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China no match for Taiwan's IC design industry

China no match for Taiwan's IC design industry

Despite having a fast-growing electronics industry that has attracted investments from some of the world's largest chip makers, China is no match for Taiwan when it comes to integrated circuit (IC) design, according to industry executives speaking at the Taiwan Business Alliance conference in Taipei.

IC design companies represent a growing segment of the semiconductor industry. Known as fabless chip vendors because they do not operate their own manufacturing plants, IC design companies contract out production of their chips to foundries, such as Taiwan Semiconductor Manufacturing Co. Ltd.

Taiwan is one of the largest centers of IC design. The island nation's fabless semiconductor industry - which includes companies like PC chipset vendor Via Technologies and communications chip vendor, Realtek Semiconductor - currently accounts for about 20 per cent of worldwide fabless semiconductor revenue, executive director of the industry group, Fabless Semiconductor Association, Jodi Shelton, said.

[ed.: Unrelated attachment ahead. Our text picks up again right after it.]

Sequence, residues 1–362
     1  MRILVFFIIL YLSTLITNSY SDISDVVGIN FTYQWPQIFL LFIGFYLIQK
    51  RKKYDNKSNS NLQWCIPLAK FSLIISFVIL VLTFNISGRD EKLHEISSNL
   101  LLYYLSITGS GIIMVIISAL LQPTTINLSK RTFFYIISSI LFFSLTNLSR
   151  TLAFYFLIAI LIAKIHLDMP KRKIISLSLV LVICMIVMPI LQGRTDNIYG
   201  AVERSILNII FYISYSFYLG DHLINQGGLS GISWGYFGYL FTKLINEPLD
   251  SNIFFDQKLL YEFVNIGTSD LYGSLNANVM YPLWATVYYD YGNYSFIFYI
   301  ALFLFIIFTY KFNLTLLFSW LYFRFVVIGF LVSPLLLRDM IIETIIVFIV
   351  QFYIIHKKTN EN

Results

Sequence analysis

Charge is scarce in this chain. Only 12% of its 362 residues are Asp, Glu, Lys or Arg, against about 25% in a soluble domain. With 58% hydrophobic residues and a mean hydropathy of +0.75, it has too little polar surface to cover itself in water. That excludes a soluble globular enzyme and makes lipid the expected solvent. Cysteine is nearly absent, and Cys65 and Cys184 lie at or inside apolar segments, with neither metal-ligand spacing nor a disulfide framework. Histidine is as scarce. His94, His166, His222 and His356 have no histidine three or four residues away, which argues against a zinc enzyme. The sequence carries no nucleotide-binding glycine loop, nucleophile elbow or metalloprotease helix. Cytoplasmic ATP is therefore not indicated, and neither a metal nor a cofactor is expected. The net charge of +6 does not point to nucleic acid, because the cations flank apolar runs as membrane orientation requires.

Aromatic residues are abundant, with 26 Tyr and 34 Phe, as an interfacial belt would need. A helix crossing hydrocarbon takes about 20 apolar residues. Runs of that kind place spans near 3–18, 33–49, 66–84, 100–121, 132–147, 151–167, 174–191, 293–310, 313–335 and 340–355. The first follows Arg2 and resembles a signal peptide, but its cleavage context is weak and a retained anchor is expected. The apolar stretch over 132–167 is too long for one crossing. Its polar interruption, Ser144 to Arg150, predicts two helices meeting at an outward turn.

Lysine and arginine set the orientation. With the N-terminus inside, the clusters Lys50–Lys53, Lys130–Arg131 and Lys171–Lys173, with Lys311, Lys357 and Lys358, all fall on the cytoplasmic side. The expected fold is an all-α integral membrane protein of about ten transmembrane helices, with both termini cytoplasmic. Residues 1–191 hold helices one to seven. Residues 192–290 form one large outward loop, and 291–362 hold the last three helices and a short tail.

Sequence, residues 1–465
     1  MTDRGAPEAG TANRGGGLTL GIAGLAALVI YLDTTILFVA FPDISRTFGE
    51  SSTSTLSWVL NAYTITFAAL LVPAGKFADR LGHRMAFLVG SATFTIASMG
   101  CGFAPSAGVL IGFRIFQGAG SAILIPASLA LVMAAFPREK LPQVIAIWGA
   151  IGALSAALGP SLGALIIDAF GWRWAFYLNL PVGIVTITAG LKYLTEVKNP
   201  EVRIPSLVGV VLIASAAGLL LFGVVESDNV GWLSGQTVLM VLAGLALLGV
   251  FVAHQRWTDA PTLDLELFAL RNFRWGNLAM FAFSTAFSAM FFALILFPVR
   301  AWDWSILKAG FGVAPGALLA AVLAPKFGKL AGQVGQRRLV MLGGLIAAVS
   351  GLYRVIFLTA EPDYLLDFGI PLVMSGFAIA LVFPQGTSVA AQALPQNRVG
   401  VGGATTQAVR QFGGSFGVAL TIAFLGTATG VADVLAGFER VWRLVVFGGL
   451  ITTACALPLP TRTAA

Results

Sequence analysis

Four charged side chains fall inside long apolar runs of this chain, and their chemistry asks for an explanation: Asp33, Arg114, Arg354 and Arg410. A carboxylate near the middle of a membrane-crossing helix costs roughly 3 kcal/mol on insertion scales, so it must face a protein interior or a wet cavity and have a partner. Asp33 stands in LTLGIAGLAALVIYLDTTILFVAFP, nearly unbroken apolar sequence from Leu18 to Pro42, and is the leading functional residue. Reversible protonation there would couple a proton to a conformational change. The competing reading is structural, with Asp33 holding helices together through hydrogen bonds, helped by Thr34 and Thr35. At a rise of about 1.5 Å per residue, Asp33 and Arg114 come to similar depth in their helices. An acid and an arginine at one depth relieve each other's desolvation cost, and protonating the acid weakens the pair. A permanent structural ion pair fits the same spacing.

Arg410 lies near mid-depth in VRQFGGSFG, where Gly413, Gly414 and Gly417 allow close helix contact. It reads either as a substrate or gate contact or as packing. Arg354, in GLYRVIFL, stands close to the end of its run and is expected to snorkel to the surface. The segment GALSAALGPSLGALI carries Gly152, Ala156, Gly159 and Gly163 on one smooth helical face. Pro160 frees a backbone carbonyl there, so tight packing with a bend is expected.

By comparison, China's IC design industry lags far behind. China has around 150 IC design companies which account for about $US120 million in annual revenue, far less than the $US4.3 billion in revenue generated by IC design companies in Taiwan, Shelton said.

"It's still rather insignificant when compared with Taiwan," she said.

Chinese IC design companies lagged behind their rivals in Taiwan and elsewhere for several reasons, Shelton said.

The design companies were generally poor innovators, had little experience in system architecture and lacked awareness of new products, she said. In addition, they were not very good at marketing and sales and had shown an inability to understand new markets.

As a result, Chinese IC design companies were focused on low-end products, such as chips used in smart cards and some consumer electronics applications, Shelton said.

China was also less attractive than Taiwan for foreign IC design companies looking to set up chip-design centers in Asia-Pacific, said Shih Cheng-chung, managing director of Asian design centers for Broadcom, which designs chips used in networking applications.

A critical difference between the two countries was the protection of intellectual property (IP) rights, he said.

Broadcom looked at both China and Taiwan before deciding to establish a chip design center in Hsinchu, Taiwan, largely because of IP concerns, Shih said.

"Taiwan has much better IP protection than China," he said.


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